24 And from there he arose and went away to the region of Tyre and Sidon. And he entered a house, and would not have any one know it; yet he could not be hid. 25 But immediately a woman, whose little daughter was possessed by an unclean spirit, heard of him, and came and fell down at his feet. 26 Now the woman was a Greek, a Syrophoenician by birth. And she begged him to cast the demon out of her daughter. 27 And he said to her, "Let the children first be fed, for it is not right to take the children's bread and throw it to the dogs." 28 But she answered him, "Yes, Lord; yet even the dogs under the table eat the children's crumbs." 29 And he said to her, "For this saying you may go your way; the demon has left your daughter." 30 And she went home, and found the child lying in bed, and the demon gone.
Instead of getting into the dialogue between Jesus and this mother, it is important that we concentrate our energy towards the force behind her persistence. How she present herself before the Lord? Knowing well that the Lord is the only source of healing, there is a perfect nudity before the Lord. Nothing hidden, neither her faith, nor her need. Very simple insistence from a pagan woman does evoke in us our incredulity and the lack of faith in the Lord, particularly in His goodness.
In this lady we don’t find a trace of ‘I’ or even ‘ego’ playing an important role. Every person who forgets this ‘I’ and ‘ego’ will find the truth easily. It is because of this inner strength that the way Jesus interrogated didn’t disturb her. There is Faith and Hope. With these essential elements, there is inner peace and goodness. All these are inter linked. There is no question of what will happen to me, or what others think about me or even this ‘me’ is totally absent.
If there is something very important in this encounter is ‘present’. They are both present in time and space. Many of us either live in the past or in the future, either dreaming or suffering plainly thinking of both or either.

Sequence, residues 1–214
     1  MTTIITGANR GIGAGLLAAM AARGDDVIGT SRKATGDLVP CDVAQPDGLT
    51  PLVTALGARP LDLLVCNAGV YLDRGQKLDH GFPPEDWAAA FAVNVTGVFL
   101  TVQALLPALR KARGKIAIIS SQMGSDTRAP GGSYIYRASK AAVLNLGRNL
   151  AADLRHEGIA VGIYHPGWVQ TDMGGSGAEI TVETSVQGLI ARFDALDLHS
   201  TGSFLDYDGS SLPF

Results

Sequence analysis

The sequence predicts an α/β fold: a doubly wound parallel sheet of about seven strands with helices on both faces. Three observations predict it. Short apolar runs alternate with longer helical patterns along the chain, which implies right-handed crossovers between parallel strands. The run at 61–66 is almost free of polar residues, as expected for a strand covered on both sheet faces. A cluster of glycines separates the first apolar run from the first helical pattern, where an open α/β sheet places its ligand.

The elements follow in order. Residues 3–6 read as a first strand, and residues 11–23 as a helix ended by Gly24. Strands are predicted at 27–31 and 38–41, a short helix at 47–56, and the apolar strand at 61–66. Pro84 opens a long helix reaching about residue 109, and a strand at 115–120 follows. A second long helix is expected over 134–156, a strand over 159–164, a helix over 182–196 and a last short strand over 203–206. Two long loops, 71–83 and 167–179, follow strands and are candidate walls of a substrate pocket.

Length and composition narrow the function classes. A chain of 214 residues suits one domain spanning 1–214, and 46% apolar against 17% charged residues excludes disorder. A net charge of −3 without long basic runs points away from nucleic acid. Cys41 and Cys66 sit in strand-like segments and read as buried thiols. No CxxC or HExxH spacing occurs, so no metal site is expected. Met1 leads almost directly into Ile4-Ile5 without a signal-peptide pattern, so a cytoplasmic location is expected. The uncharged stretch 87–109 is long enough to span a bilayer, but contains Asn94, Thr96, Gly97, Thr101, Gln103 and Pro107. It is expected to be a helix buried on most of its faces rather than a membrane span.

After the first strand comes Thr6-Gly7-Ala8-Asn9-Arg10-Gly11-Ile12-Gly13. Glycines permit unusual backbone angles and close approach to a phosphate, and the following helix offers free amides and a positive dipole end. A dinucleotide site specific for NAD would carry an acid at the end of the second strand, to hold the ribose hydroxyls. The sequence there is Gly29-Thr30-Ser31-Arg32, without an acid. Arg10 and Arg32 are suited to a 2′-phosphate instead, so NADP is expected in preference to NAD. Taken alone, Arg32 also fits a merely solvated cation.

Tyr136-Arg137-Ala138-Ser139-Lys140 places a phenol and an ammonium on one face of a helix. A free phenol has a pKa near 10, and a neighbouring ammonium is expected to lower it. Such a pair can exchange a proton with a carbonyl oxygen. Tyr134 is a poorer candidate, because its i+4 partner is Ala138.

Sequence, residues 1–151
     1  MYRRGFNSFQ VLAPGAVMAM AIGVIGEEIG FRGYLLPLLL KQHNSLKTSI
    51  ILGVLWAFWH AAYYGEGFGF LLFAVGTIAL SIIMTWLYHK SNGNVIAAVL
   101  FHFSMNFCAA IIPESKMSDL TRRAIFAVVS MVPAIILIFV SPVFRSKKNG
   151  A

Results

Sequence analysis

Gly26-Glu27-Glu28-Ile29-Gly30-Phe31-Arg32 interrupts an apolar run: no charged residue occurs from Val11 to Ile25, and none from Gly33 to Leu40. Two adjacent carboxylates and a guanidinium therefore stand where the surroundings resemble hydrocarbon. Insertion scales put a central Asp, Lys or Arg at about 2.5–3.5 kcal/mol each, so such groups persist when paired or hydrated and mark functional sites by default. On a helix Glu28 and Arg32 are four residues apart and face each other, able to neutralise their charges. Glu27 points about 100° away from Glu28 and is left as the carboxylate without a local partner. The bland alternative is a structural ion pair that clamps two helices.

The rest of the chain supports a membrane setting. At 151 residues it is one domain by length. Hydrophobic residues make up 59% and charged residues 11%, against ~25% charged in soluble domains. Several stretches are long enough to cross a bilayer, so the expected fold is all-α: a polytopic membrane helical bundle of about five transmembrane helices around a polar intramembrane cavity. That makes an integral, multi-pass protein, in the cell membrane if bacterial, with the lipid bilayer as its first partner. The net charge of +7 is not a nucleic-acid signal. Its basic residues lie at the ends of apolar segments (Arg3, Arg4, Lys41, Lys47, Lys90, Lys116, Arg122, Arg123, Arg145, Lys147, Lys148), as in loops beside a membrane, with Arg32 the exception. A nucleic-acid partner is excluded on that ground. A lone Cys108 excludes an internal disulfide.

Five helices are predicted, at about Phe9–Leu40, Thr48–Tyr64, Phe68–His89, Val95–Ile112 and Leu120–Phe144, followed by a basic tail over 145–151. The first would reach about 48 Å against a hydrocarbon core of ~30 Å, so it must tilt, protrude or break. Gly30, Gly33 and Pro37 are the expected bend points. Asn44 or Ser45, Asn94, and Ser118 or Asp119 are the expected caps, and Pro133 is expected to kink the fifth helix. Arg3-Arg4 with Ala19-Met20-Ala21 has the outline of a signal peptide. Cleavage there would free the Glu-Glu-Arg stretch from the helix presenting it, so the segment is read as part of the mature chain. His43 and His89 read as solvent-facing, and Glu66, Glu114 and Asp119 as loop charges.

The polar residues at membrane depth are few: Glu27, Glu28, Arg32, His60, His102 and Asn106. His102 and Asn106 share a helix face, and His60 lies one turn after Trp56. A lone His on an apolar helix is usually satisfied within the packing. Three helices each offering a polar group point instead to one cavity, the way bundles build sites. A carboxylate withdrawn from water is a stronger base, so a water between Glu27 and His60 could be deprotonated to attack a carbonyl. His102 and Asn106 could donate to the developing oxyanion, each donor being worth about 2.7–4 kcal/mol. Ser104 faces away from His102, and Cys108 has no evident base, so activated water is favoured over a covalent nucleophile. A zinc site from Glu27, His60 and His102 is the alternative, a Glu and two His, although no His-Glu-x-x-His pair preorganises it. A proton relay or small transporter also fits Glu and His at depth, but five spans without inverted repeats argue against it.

Daily Quote from the early church fathers:
Great was the power of her faith, and for our learning, by John Chrysostom (347-407 AD)
"See her humility as well as her faith! For he had called the Jews 'children,' but she was not satisfied with this. She even called them 'masters,' so far was she from grieving at the praises of others. She said, 'Yes, Lord, yet even the dogs eat the crumbs that fall from their masters’ table.' Behold the woman's wisdom! She did not venture so much as to say a word against anyone else. She was not stung to see others praised, nor was she indignant to be reproached. Behold her constancy. When he answered, 'It is not fair to take the children's bread and throw it to the dogs,' she said, 'Yes, Lord.' He called them 'children'” but she called them 'masters.' He used the name of a dog, but she described the action of the dog. Do you see this woman's humility? Then compare her humility with the proud language of the Jews: 'We are Abraham's seed and were never in bondage to any man'(John 8:33). 'We are born of God' (John 8:41). But not so this woman. Rather, she calls herself a dog and them masters. So for this reason she became a child. For what does Christ then say? 'O woman, great is your faith.'
"So we might surmise that this is the reason he put her off, in order that he might proclaim aloud this saying and that he might crown the woman: 'Be it done for you as you desire.' This means 'Your faith, indeed, is able to effect even greater things than these. Nevertheless be it unto you even as you wish.' This voice was at one with the voice that said, 'Let the heaven be,' and it was (Genesis 1:1). 'And her daughter was made whole from that very hour.' Do you see how this woman, too, contributed not a little to the healing of her daughter? For note that Christ did not say, 'Let your little daughter be made whole,' but 'Great is your faith, be it done for you as you desire.' These words were not uttered at random, nor were they flattering words, but great was the power of her faith, and for our learning.
He left the certain test and demonstration, however, to the issue of events. Her daughter accordingly was immediately healed."
(excerpt from COMMENTARY ON MATTHEW, Homily 52.3)